And wondering we are – at the new marriage law that went into effect this week. The expat scene in Phnom Penh was abuzz with it. Normally, being not too much interested in anything the expat community is talking about, this new law did, however, pique my interest, being an expat who is married to a Khmer woman myself.
Now, by all accounts that law stipulates that no male foreigner, both Caucasian and Non-caucasioan, over the age of 55 or earning an income of less than $2,500 per month can marry a Khmer woman. It should be noted it says foreign man; this law does not apply to foreign women.
This law begs the question why it was passed in the first place and what is the objective behind it. I mean we are used to all kinds of stupid and ludicrous laws being passed, not only in Cambodia, but all over the world, and the U. S. is among the many Western nations that could do with a thorough overhaul of especially their state laws. But this law really shows the feeble-mindedness of some Cambodian politicians. Why set the age limit at 55 and why a minimum of $2,500 a month when the average male Cambodian makes only a small fraction of that, gets married and has a bunch of children whom he can hardly support? Were they possibly thinking of the proverbial old lecher who is salivating after Cambodia’s young pretty lasses? What about the guy who is widowed (like I was, though I was under 55)? What about a young strapping man in his twenties who came here as a volunteer, now makes $1,500 a month, falls in love with a Khmer co-worker? No chance, buddy, no Cambodian wife for you.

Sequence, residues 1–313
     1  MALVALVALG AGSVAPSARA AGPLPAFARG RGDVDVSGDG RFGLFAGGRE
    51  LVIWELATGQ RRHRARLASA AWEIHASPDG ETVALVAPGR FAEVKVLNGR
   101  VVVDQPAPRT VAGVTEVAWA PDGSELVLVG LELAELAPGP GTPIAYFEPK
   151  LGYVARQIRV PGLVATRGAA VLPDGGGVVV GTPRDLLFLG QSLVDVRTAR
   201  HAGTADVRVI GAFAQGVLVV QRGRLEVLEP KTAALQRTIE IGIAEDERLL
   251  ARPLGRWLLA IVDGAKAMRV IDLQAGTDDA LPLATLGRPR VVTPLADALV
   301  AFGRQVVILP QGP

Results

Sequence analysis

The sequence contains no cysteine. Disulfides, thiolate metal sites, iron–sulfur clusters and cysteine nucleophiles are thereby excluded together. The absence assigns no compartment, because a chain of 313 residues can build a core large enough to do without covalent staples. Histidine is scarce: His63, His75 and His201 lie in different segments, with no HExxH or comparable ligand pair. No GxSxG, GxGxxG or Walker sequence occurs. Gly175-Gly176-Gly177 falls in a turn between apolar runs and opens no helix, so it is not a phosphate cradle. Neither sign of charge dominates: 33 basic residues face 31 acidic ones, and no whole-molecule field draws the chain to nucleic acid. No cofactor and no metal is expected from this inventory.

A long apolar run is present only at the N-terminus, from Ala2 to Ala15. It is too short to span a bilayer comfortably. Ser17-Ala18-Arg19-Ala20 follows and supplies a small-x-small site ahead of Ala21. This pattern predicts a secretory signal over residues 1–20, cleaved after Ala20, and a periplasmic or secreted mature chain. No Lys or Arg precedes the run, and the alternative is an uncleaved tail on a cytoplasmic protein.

Some spokesperson said they want to protect their young women from being exploited by foreign husbands, probably having in mind those sad Korean stories. Of course, the government does not object to their young, uneducated rural girls to go work as maids in Malaysia, and other mostly Muslim countries. And from press accounts we do know how those girls are treated. Don’t they deserve the state’s protection?